Stuart monarchy ended with the death of Queen Anne
in 1714, when the British Crown passed to George of Hanover. The earlier passing of the Act of Settlement in 1701 identified the legitimacy of the Hanoverian succession as a proper continuity of the protestant monarchy. In this film, Professor Justin Champion
and Professor Paulina Kewes
investigate the origins and consequences of the Act of Settlement during the first age of party politics.
- How important were political and religious ideas after 1689?
- Was the fear of Roman Catholicism a political or religious anxiety?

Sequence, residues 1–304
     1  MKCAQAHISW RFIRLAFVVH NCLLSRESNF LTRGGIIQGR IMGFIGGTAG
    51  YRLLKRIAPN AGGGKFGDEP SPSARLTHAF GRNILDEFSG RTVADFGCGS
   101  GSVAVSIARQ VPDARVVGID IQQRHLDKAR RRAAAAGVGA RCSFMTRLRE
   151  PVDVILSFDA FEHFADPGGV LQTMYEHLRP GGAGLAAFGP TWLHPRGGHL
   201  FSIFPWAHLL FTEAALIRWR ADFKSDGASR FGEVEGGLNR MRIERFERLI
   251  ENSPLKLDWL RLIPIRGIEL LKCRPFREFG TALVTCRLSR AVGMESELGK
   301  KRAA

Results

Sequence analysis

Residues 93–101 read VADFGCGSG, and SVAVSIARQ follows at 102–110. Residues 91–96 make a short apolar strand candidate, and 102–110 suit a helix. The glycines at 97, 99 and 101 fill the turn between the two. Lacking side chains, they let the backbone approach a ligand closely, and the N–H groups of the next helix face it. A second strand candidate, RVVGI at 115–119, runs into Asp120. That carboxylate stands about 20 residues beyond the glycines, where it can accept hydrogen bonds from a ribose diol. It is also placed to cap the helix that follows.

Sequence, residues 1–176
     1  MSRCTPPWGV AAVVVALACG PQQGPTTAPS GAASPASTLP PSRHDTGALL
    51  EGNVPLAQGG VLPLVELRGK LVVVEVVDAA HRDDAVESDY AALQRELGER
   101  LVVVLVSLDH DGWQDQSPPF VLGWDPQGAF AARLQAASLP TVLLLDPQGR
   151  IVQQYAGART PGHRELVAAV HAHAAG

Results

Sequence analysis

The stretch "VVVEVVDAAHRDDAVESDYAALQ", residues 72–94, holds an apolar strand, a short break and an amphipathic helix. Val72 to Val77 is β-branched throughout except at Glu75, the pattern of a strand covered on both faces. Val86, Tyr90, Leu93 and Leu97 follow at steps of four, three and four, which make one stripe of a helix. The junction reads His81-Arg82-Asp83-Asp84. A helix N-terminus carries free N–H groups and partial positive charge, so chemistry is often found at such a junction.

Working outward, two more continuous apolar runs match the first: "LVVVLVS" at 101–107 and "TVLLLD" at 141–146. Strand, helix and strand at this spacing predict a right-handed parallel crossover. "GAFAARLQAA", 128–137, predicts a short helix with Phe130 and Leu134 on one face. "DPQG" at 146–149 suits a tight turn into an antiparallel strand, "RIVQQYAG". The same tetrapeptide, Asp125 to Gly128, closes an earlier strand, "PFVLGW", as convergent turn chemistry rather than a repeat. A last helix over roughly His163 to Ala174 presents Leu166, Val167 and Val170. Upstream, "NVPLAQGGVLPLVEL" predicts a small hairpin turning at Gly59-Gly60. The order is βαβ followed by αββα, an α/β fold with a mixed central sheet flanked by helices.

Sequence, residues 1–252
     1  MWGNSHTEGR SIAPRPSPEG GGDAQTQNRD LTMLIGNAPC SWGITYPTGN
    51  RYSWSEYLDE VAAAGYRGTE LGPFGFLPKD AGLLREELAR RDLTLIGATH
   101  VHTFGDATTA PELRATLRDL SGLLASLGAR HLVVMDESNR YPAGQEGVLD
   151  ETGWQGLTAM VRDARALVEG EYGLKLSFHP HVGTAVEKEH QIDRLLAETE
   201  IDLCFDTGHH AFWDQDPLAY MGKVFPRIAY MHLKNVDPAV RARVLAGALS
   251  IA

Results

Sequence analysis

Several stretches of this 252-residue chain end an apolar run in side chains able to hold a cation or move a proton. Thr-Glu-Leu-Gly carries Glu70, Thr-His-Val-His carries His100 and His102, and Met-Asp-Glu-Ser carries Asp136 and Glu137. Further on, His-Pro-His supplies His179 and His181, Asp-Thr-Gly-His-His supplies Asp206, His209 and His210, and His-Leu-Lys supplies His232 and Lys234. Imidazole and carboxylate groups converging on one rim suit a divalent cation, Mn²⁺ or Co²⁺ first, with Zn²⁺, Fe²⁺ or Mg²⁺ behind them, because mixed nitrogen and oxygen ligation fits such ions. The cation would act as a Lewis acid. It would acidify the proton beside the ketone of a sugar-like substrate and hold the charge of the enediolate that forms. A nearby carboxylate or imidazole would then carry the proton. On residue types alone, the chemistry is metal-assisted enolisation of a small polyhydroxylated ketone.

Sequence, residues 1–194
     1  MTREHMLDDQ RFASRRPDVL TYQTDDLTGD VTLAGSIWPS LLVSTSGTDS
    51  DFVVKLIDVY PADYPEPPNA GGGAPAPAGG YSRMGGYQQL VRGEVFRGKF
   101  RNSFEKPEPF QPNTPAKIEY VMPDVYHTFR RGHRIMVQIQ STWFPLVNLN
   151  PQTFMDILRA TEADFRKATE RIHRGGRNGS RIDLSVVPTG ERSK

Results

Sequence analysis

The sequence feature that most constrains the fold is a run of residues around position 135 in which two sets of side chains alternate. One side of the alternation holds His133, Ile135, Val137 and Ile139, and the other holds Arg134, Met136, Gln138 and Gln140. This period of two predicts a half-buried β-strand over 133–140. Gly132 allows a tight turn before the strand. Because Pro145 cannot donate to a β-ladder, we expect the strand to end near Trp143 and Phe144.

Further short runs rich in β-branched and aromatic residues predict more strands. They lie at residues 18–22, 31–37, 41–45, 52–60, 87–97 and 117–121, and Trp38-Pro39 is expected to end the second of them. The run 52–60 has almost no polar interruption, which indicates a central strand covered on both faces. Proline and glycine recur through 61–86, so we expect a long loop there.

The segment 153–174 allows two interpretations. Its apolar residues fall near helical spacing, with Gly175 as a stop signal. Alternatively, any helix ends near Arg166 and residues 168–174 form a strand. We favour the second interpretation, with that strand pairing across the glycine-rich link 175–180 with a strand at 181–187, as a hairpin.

- Why were clergymen so controversial in the world of political debate?
- Justin Champion, ‘Political Thinking Between the Restoration and Hanoverian Succession’, in Barry Coward (ed.), The Blackwell Companion to Stuart Britain (Oxford: Blackwell, 2003), pp. 474-92.
- Tim Harris, Politics Under the Later Stuarts: Party Conflict in a Divided Society, 1660-1715 (London: Longman, 1993).
- J. P. Kenyon, Revolution Principles: The Politics of Party, 1689-1720 (New York: Cambridge University Press, 1977).
- Mark Knights, The Devil in Disguise: Deception, Delusion and Fanaticism in the Early English Enlightenment (Oxford: Oxford University Press, 2011).